Some amino acids are more susceptible for modification by ROS and RNS than others. For example cysteins are often found to be preferentially oxidized. These residues are sensitive for ROS-derived protein carbonylation and RNS-mediated nitrosylation (-SNO) and glutahionylation. Additionally, sulfenic acid and disulfide formation also can be mediated via ROS and RNS on these residues. Tryptophane residues have been shown to be specifically di-oxygenized in plant mitochondria, thus forming N-formylkynurenine. The proteins found to be specifically oxygenized did, with one exception, all posses redox-activity or were involved in redox-active proteins [150]. Another good example for this specificity is Rubisco. Preferential oxidation of certain cysteine residues mediates the binding of Rubisco to the chloroplast envelope, thus causing catalytic inactivation and marking it for degradation [151, 152]. Recently, it has been shown, that chloroplast peroxidases are present in an inactivated form and become activated in part by proteolytic cleavage upon a H2O2 signal; in combination with newly synthesized peroxidases, they regulate plastidial ROS content in neem (Azadirachta indica A. juss) chloroplasts [153]. This displays a specificity of ROS induced processes, rather than undirected, detrimental impacts. However, how the cell responds differentially to the variety of H2O2 signals in different signaling pathways is still unclear. With regard to leaf senescence induction, a dependency of H2O2-mediated effects on the subcellular location was discovered. By using an in-vivo H2O2-scavenging system, we manipulated H2O2 contents in the cytosol and peroxisomes in Arabidopsis. While both lines showed lowered H2O2 contents and a delayed leaf senescence phenotype, the delay of the cytoplasmic line was more pronounced, despite the higher expression of the peroxisomal transgene [65]. Furthermore, lowering mitochondrial H2O2 production by blocking cytochrome c dependent respiration with the fungal toxin antimycin A had no effect on induction of leaf senescence [154]. Since senescence is predominantly regulated on transcriptional level, the cytoplasmic compartment might have a direct influence on redox regulation of transcription factors. Expression of the MAP triple kinase1 (MEKK1) of Arabidopsis can also be induced by H2O2 and shows its expression maximum during onset of leaf senescence [155]. Whether H2O2 induced expression of SAGs is transduced by MAPK signaling or directly by redox-sensitive transcription factors has yet to be elucidated.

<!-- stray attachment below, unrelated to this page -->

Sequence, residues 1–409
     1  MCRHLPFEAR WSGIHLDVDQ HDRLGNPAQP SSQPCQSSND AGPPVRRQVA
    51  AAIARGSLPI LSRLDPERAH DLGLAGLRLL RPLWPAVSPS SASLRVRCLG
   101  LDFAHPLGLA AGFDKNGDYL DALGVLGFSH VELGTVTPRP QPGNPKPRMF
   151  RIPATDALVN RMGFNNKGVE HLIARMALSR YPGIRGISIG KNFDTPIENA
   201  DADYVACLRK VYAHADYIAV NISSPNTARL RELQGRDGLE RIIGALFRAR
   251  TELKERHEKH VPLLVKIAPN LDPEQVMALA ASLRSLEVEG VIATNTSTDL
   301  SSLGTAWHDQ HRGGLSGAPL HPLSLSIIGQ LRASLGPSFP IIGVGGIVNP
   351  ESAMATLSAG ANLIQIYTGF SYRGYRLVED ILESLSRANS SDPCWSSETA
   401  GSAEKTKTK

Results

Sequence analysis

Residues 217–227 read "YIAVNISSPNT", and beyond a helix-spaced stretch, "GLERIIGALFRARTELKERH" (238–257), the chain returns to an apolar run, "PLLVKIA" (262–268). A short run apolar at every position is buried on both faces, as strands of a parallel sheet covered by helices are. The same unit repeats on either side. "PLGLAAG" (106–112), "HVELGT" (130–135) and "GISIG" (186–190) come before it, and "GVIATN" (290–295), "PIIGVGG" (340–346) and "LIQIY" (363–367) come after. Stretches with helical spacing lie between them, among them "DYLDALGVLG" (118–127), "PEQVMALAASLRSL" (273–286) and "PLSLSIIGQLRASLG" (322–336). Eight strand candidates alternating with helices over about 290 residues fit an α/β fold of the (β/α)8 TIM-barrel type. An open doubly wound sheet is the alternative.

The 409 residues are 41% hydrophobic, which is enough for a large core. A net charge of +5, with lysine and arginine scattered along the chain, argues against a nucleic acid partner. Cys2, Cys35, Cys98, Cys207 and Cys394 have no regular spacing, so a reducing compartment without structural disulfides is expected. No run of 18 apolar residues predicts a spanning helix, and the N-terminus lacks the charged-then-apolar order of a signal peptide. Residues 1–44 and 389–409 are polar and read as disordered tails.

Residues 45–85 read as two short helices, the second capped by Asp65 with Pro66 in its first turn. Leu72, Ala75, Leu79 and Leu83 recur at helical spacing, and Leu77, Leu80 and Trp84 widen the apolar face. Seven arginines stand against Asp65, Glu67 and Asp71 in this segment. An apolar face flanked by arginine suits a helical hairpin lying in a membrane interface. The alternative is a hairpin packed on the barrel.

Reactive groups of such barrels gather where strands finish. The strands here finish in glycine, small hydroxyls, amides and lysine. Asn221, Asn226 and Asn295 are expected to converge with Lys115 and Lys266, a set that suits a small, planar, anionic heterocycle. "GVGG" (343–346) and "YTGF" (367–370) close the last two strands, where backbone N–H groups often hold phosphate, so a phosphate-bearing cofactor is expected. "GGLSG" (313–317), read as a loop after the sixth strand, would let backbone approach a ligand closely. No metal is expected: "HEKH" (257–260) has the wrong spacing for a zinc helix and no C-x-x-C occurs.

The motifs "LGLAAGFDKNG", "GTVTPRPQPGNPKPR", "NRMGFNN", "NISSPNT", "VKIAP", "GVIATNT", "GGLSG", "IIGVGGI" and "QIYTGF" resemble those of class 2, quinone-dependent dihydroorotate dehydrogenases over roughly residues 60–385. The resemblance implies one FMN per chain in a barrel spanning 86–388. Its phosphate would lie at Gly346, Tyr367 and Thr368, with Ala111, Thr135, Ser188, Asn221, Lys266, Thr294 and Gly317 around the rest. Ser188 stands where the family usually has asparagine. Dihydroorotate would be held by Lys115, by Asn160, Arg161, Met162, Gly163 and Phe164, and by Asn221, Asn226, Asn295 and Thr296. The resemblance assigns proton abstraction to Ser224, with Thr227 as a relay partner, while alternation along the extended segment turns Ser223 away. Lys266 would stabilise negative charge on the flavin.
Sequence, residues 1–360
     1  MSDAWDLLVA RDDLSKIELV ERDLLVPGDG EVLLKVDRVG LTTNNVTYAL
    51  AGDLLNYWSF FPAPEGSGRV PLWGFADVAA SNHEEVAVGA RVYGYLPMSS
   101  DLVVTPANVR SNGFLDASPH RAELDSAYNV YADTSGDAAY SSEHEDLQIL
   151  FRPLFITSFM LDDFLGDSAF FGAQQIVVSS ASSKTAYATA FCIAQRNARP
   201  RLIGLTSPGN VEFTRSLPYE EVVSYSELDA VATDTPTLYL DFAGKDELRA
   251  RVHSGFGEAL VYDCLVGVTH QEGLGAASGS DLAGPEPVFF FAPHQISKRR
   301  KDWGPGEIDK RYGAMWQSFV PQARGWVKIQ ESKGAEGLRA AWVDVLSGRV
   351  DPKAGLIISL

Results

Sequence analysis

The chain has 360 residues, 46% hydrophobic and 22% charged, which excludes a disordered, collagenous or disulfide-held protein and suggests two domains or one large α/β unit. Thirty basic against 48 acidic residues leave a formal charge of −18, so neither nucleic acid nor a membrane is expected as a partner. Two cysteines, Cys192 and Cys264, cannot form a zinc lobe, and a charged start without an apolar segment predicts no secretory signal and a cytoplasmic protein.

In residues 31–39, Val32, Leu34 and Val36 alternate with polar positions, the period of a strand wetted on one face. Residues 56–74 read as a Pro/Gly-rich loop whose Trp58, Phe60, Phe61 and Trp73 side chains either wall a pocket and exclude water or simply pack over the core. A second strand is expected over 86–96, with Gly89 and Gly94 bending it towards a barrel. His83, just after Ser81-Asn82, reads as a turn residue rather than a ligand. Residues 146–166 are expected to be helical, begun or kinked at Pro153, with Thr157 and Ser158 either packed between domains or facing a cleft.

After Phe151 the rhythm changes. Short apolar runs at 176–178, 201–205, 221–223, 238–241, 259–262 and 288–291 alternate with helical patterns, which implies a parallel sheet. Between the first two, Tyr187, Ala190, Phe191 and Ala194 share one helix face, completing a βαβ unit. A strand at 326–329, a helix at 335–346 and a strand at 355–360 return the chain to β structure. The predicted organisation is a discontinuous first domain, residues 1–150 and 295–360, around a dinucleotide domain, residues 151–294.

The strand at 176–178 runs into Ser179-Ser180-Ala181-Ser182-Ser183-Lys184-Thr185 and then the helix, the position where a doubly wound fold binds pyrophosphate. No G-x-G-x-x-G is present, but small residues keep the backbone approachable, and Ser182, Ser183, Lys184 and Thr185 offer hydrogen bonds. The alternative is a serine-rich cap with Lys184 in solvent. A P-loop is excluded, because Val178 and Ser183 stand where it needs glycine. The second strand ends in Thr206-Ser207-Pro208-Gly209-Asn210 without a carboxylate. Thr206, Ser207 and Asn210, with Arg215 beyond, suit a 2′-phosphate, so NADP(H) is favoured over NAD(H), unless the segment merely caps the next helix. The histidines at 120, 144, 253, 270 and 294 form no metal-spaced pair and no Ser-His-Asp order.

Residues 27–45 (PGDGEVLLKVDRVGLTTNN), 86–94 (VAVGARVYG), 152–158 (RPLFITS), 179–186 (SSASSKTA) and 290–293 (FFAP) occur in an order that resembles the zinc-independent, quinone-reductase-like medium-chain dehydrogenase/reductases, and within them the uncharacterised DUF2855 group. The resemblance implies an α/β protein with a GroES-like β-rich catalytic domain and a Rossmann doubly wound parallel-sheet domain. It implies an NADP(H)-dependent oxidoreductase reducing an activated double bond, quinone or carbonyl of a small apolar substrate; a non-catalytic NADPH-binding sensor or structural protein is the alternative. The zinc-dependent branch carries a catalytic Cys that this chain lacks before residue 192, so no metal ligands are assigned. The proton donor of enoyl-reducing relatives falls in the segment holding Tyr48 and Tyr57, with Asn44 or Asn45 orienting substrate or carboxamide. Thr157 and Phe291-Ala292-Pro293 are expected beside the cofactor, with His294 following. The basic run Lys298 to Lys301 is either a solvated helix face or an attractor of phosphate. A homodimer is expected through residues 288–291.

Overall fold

Moreover, the already mentioned evidence of numerous selective oxidation reactions on specific amino acid residues depending on the type of ROS/RNS might lead to the degradation of the damaged proteins, thus generating distinct peptide patterns. These peptides would contain information being ROS- and source-specific (see [150] and references within). Spatial control might also be a source of specificity, as for example RBOH proteins are membrane bound and, therefore, localization of the ROS signal could be highly specific. Additionally, through the extensive detoxification system, ROS signals also might be spatially confined. In contrast, ROS signal auto-propagation over long distances via RBOHD induced by various stimuli has been shown in Arabidopsis [156]. Interestingly, temporal oscillation of ROS bursts has been observed to modulate root tip growth of Arabidopsis root hairs [157]. Finally, integration of metabolic reactions also seems to be a convenient way of specific signaling. Local blockage or enhancement of certain pathways would lead to the accumulation of intermediates, which in turn could serve for signaling functions (reviewed in [158]).